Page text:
My mind can hardly believe I am here, and at once I am enraptured by the world around me.
Several people have asked me whether Mama Afrika is all that I expected her to be. After all, I have known for two years that I would be moving here. As much as I used to romanticize my future in East Africa, I also knew that I wanted to soak up all that would be my new life, without expectations. So, I will tell you about the past one and a half weeks as I have experienced them.
Departing from Tampa on Tuesday, May 25th, I had a surprisingly smooth flight, no delays, and not even a hang up while getting my visa at the immigration counter at the airport in Dar es Salaam. As I picked up my backpack from baggage claim and stepped outside of the airport into the night, I was overcome by an emotion that can only be described as pure euphoria. I could not stop smiling.
There have been a number of people here in Tanzania who have made my transition here incredibly smooth. I cannot recount the past few days without expressing my heartfelt gratitude to them. The African night is as vast as she is seductive. It is easy to feel overwhelmed. That night, I had the good fortune of being picked up by my hotel’s shuttle service, and delivered safely to my home for the night. Julius Nyerere International Airport is a substantial distance from the city center, so while my driver and I sat in traffic inside our air-conditioned Camry, I asked him questions about the local shamans (waganga), in Swahili of course. My stay at the Blue Pearl hotel in Dar es Salaam was arranged by Mr. Apurva Verma, an old friend of my uncle’s back from when they studied together at India’s National Defense Academy. Apu Uncle, as I call him, has been like a guardian, relaying messages to my family the first night when I could not call home, checking up on my transition, and delivering valuable advice. It was around 11:30pm that first night and I had finally settled in to sleep, when I realized how ravenous I was. To my relief, there was 24 hour room service, and Lo and Behold! A veggie burger on the menu! And hour later, my food arrived, and I wolfed down that veggie burger like my life depended on it. Definitely one of the best meals I have ever had in my life, I can’t forget it.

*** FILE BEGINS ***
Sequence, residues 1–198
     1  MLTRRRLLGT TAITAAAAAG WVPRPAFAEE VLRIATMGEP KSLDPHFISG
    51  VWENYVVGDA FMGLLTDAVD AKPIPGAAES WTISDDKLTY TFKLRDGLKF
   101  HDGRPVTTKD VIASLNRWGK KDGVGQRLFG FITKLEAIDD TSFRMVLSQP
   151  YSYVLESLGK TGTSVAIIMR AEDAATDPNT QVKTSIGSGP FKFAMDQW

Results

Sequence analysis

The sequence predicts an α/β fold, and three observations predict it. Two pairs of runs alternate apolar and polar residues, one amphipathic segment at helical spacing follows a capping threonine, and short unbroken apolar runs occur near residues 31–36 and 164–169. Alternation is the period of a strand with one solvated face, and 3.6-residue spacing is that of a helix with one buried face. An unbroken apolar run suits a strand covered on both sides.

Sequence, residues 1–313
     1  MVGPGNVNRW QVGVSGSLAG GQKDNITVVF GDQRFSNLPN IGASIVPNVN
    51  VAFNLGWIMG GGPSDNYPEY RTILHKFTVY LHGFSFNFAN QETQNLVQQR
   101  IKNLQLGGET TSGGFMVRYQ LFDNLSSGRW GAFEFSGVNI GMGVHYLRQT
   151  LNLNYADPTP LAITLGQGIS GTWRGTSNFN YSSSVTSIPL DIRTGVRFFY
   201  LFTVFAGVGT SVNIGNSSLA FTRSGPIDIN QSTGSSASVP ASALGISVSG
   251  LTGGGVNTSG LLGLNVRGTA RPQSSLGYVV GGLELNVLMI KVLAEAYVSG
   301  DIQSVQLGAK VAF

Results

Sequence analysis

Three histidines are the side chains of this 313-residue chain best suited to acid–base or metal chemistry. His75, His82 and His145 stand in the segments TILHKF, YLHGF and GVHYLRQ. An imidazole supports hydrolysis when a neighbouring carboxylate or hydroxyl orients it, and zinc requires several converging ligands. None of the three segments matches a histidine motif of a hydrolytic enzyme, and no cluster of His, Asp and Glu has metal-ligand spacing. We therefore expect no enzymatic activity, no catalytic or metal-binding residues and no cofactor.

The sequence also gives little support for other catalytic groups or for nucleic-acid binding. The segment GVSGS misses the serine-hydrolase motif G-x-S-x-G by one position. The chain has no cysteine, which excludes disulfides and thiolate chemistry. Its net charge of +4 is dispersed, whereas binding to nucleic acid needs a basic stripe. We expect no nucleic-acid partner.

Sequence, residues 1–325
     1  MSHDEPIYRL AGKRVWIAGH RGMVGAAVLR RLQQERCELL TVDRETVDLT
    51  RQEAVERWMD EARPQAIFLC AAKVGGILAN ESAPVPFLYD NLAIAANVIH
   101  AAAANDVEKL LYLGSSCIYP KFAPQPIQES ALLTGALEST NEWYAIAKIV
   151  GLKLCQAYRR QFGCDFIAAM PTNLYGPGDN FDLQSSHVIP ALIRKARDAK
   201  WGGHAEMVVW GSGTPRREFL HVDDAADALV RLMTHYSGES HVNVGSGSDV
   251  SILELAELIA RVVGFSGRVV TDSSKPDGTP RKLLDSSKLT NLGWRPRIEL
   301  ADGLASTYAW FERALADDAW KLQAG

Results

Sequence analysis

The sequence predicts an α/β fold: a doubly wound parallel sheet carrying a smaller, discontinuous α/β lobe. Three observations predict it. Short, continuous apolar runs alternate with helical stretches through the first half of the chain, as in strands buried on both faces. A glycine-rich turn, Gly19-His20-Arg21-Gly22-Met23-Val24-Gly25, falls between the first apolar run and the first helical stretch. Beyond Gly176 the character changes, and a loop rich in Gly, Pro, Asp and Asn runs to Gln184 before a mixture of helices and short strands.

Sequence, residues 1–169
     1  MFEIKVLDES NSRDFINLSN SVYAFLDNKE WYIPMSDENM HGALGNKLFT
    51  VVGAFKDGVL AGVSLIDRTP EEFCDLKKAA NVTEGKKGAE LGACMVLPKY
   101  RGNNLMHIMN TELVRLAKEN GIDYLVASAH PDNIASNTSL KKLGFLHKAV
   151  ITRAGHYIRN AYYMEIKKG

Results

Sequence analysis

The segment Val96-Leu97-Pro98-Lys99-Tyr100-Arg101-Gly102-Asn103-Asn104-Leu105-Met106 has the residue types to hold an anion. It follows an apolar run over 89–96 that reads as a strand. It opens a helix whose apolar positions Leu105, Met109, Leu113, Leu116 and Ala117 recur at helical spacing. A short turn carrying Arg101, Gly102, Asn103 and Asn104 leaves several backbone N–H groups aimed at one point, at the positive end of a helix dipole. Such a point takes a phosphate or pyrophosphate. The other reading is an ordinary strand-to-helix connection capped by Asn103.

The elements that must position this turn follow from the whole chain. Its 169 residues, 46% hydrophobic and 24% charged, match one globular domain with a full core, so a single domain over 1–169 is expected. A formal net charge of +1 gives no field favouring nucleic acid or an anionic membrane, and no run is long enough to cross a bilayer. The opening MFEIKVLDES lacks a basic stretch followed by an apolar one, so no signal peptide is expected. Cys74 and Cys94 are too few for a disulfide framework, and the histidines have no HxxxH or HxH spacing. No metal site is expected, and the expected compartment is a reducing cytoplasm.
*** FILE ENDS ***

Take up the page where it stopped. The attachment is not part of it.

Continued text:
I slept well that night, and awoke in the morning to the anticipation of finally meeting someone I call “the mythical creature of Dar es Salaam.” Lydia Hartsell was as lovely as my friends Jacquelyn Tolliver and Rebecca Correy said she would be. We spent that afternoon exchanging our thoughts on the 13th floor roof-top balcony of the Blue Pearl. My aspirations, her reflections. My worries, her condolences. Lydia, a Rotary Ambassadorial Scholar like Jacquelyn, Rebecca, and me, has spent the past 10 months in Dar es Salaam working on her Master’s in Public Health at Muhimbili University of Allied Health and Sciences. She is gracious and kind, and I am convinced that without her help I would have fallen into a ditch or off the dock into the harbor. She also has a mastery of the dala-dala public transportation system that I am positive very few foreigners have reached. And she took me to this fabulous restaurant last Friday called Addis in Dar which has left me with such a craving for Ethiopian food, I cannot shake it.
The second two nights that I spent in Dar, I stayed at a hostel in the heart of the city, suggested to me by none other than Lydia, called the Luther House. I highly recommend it for anyone coming into Dar on a budget. Writing this in Zanzibar, I will say this about my time in Dar es Salaam: I positively enjoyed it, but thank goodness Rotary placed me on an island. Dar is exciting, the city’s pulse is youthful, it is a bustling metropolis, and a place of staggering extremes. But I prefer to take it slow, having grown up in the suburbs all my life. The morning of Saturday the 29th, as I boarded the ferry to Zanzibar, I was sad to leave Lydia behind, but anticipated the island in the Indian Ocean that I would soon call home…